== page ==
Painkiller drugs face headache from US

The impending arrival of US painkiller Advil is stirring up the UK drugs industry, but its impact remains to be seen.

The company that brings pain relief to millions of Britons through Anadin is about to create a new headache for the makers of some of the UK’s best known painkillers, including Nurofen.

Whitehall Laboratories, the number one over-the-counter drugs maker in the US, is bringing one of its most successful drugs – Advil – to the UK, along with an estimated 5m advertising budget.

Such a heavyweight spend for an analgesic, which would usually receive launch support of between 2m and 3m, underlines how difficult it will be for the drug to break into such a highly competitive market. It also underlines how determined Whitehall is to make a splash.

According to industry observers, just 20 per cent of painkiller consumers account for 80 per cent of all sales in what is the largest otc market, valued at 185.7m in 1994. It brings Whitehall into direct confrontation with Crookes Healthcare’s Nurofen and SmithKline Beecham’s Solpadeine.

Advil is the number two painkiller in the US – second only to the Johnson & Johnson-owned Tylenol – with a 12.4 per cent share by value of the US market in the 12 months to June 1996. Although Whitehall refuses to discuss the launch of the painkiller it is known that it will be available by the end of September.

The company is in the middle of selecting an agency to handle a TV campaign scheduled to air in November and has spoken to Duckworth Finn Grubb Waters and Publicis among others.

Publicis already handles ads for Anadin and Whitehall’s Centrum range of vitamins and minerals. Interestingly, it also works with the retailer Asda with whom Whitehall is in dispute over the de-listing of Anadin Paracetamol and the continuation of Resale Price Maintenance.

The 3m ad campaign that marked the launch of the Centrum range provides a recent example of the strategy employed by Whitehall’s US parent, American Home Products, of taking successful US brands into other markets.

There are no figures available, but retailers say Centrum is already on a par with Roche Consumer Health’s Sanatogen. Supermarket sources expect the brand to have a sales value of 3m by the end of the year.

Anadin is the number one painkiller in the UK but it is the makers of numbers two and three – Nurofen and Solpadeine – that are going to have to react to launch of Advil. The new painkiller is based on Ibuprofen, an anti-inflammatory ingredient especially effective in treating muscular and joint pains. But so is Nurofen, Crookes Healthcare’s strong painkiller for muscular pain, which will affect the way Whitehall positions the product.

The number three brand, Solpadeine, made by SmithKline Beecham, is based on several ingredients, including Paracetamol and Codeine, which allows it to be positioned for fast, strong and effective pain relief. Ironically, it is Anadin that potentially stands to suffer most.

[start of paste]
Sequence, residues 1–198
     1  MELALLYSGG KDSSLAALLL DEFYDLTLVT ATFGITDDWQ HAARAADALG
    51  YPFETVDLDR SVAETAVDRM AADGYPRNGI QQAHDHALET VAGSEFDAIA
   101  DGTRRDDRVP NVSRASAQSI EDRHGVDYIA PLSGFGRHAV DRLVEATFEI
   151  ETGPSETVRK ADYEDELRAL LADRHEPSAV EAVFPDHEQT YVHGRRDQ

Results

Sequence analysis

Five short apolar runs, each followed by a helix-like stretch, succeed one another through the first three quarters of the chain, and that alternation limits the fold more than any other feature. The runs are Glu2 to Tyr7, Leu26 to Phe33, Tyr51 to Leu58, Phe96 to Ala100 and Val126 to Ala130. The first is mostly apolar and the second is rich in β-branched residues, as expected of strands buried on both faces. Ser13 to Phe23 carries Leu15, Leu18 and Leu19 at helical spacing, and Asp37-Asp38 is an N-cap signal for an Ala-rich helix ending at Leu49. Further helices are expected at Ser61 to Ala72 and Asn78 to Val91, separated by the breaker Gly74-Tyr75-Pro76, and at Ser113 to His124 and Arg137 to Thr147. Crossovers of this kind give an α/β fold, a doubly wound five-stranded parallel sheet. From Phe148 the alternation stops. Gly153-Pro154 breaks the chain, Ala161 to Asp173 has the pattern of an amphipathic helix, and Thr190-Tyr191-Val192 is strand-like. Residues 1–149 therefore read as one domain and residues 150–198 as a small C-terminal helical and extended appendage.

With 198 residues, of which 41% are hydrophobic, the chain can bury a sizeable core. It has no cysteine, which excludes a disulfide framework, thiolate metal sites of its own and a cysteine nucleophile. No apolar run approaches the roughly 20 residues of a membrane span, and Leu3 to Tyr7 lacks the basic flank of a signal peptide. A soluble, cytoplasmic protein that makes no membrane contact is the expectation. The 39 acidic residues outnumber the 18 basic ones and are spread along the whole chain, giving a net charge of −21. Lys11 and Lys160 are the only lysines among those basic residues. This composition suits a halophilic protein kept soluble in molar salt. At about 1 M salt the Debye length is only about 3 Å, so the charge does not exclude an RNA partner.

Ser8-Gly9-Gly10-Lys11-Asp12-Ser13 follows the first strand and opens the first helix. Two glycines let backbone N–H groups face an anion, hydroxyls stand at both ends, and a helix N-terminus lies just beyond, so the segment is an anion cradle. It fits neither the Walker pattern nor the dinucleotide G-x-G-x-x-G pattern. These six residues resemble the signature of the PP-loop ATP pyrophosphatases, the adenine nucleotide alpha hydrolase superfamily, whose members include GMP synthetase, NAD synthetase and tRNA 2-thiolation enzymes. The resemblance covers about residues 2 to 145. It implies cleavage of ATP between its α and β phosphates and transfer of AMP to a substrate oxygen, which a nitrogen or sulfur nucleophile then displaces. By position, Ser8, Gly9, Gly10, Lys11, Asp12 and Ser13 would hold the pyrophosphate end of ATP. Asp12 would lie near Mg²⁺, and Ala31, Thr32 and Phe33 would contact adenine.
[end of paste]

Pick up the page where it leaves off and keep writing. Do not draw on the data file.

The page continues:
“There are substantial forecasts for growth in the UK market with some manufacturers estimating that the analgesic market will double in value in the next five years,” says one pharmaceutical analyst. “At the start of the Nineties, when Nurofen was sold in just one formula, Tylenol was being sold in the US in 300 different forms.

“That leads the makers to believe there is room for diversity through brand extensions. There are two potential areas for growth, firstly through widening the product offering and secondly through improving distribution. That is why Whitehall sees an opportunity in the UK market.”

There will be some brand cannibalisation within Whitehall and Anadin Extra appears to be the most vulnerable because it and Advil are both strong painkillers. To make Advil work, Whitehall needs to position it as a treatment for everyday pain, in the same way that Nurofen approaches the market.

Boots Healthcare International and its UK division Crookes Healthcare will be watching the launch and its positioning with more than a little interest. Nurofen is its second biggest brand and the one it has pinned its hopes of international expansion on. Crookes refuses to discuss plans to defend Nurofen from the arrival of Advil although more brand extensions are on the agenda.

Solpadeine is less likely to be affected because it has pharmacy-only distribution. Whitehall lacks pharmacy distribution and Advil will be sold through grocery chains.

Nurofen, available through both grocery and pharmacy routes, is the real target for Advil. It has been available in grocery outlets since January and ten per cent of all Nurofen sales are now through those grocery chains. As the general trend for buying medicines over the counter increases, so their share will increase.

“Advil will probably do OK,” says another analyst. “But by increasing the noise in the market they will be doing Crookes and the others a favour.”

The expansion of the market should benefit Whitehall but ironically it could also work against it. The worst case scenario would see Nurofen benefiting from the extra spend in the sector and Advil stealing sales from its sister brand Anadin rather than its rivals. That is the sort of headache that even a high ad spend will not ease.

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